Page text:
Many antioxidants lower your risk of diabetes
- here are some delicious sources
Type 2 diabetes and early stages of the disease such as insulin resistance are spreading like a bushfire. The good news is that if you consume many antioxidants from fruit, vegetables, berries, tea, and dark chocolate and limit your intake of alcohol, you can lower your risk diabetes risk. This was shown in a new study that is published in the European journal Diabetologia, which focuses on diabetes research.
A team of scientists from Villejuif in France that studies public health across several generations has found that you can lower your risk of diabetes by consuming a diet rich in antioxidants. Earlier studies show that antioxidants like vitamin C, vitamin E, lycopene, and flavonoids could reduce the risk of type 2 diabetes. However, these studies were only based on a few antioxidants and not the total amount of antioxidants in the diet. In order to look closer at this, the French scientists used data from a previous French cohort study (E3N), in which researchers had followed 64,223 women aged 40 to 65 years during the period 1993-2008. At baseline, none of the women had diabetes or cardiovascular disease.
At the beginning of the study, each study participant filled in a questionnaire with questions about more than 200 different food items. By comparing this information with an Italian database providing information about the amount of antioxidants in different foods, the French scientists could calculate scores for the total antioxidant uptake of each study participant. Afterwards, they analyzed the relation between this score and the risk of developing diabetes during the 15-year study period.
Loads of antioxidants in several delicious foods
Their study showed a lowered diabetes risk with increased antioxidant intake until a certain limit (15 mmol/L per day). It is possible to reach this level with a diet rich in fruit and vegetables that includes particularly rich antioxidant sources such as dark chocolate, tea, walnuts, prunes, grapes, berries, and hazel nuts (just to mention a few). Dark foods like cocoa beans, blueberries, elderberries, and red grapes generally contain more antioxidants than other food sources.
Substantially lower diabetes risk
The risk of developing diabetes was 27 per cent lower among those women who consumed many antioxidants, compared with those who consumed few. This difference remained even after the scientists had adjusted for diabetes-promoting factors such as smoking, hypertension, elevated cholesterol, high BMI (one of the largest risk factors), and level of education.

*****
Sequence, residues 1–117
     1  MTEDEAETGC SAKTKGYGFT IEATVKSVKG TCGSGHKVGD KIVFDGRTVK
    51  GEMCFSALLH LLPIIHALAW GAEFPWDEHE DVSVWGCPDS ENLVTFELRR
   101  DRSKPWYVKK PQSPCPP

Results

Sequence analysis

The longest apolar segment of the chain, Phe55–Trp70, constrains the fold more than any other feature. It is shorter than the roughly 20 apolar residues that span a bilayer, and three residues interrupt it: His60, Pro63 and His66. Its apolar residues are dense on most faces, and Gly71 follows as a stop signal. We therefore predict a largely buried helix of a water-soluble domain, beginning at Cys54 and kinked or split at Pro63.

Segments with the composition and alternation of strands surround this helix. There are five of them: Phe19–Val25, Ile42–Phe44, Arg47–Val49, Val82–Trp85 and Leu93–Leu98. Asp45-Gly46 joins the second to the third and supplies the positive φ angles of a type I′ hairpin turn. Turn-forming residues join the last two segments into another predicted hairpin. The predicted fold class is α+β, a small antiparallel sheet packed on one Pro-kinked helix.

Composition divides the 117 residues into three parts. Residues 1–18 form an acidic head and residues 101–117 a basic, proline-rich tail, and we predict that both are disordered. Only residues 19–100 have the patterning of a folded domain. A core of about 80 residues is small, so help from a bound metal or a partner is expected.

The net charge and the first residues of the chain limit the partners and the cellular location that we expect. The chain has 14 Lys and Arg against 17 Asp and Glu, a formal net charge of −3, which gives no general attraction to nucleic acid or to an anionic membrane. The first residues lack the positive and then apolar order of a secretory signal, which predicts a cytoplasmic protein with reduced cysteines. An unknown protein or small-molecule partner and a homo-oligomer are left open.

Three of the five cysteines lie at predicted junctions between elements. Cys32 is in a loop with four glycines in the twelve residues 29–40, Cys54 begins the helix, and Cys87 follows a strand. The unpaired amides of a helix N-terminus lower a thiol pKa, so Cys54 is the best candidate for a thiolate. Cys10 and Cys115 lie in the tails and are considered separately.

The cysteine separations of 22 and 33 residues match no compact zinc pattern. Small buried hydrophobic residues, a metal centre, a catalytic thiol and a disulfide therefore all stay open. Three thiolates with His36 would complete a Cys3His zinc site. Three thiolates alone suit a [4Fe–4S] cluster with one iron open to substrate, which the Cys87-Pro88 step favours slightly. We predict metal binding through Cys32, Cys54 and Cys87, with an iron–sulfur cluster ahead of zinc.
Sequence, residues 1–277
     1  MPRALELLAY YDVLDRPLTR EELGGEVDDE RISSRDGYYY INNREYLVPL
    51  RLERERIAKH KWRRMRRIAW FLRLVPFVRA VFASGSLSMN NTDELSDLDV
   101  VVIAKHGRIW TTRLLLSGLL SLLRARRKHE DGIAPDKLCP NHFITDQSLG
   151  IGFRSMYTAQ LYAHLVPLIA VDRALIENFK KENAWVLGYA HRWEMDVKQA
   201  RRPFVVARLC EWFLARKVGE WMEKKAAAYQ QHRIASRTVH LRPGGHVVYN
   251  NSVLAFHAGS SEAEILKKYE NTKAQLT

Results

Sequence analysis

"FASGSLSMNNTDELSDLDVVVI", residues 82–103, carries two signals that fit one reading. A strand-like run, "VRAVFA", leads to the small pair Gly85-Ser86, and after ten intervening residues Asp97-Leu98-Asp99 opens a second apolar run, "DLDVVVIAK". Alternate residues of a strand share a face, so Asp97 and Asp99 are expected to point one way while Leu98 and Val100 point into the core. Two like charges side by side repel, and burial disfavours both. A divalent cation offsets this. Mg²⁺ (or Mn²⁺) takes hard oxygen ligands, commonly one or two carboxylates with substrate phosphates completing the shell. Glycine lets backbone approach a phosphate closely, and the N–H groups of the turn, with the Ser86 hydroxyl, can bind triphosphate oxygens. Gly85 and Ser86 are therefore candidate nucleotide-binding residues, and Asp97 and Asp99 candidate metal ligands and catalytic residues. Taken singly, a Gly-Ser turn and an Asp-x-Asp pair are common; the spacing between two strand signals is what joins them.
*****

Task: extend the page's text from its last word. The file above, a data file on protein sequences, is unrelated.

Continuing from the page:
The foods that contained the most antioxidants according to the study score were fruits and vegetables, tea, and red wine (in moderate quantities). The scientists had excluded coffee in their analysis, as it is already known that coffee beans provide a host of antioxidants that lower your risk of diabetes.
Why do antioxidants have this effect?
According to the researchers, the big question now is why these different antioxidants lower the risk of diabetes. We know already that antioxidants counteract the harmful impact from free radicals that attack our cells, cholesterol, and cardiovascular system. Everyone is exposed to free radicals, which are a byproduct of normal respiration. The free radical load is increased by factors such as stress, inflammation, smoking, poisoning, ageing processes, and radiation.
Based on their study, the French scientists also assume that the antioxidants have a positive effect on cellular insulin sensitivity. Insulin is a hormone that helps channel glucose from the blood into the cells. In the case of insulin resistance, which is an early stage of type 2 diabetes, the cells have impaired glucose uptake. Therefore, the scientists are thinking of looking into how antioxidants affect insulin sensitivity.
Make sure to get many different antioxidants for optimal protection against free radicals
The diet provides vitamin A, vitamins A, B1, B2, B5, B6, and C, plus selenium, zinc, manganese, and a variety of plant compounds. Antioxidants are either water-soluble or lipid-soluble and work in entirely different ways to combat free radicals. It is therefore vital to get as many different antioxidants as possible by consuming a balanced diet with the best antioxidant sources.
Consumption of antioxidant-rich foods is associated with a lower risk of type 2 diabetes, study shows – ScienceDaily
Pernille Lund. Sådan får du styr på dit blodsukker og din vægt. Ny Videnskab 2013
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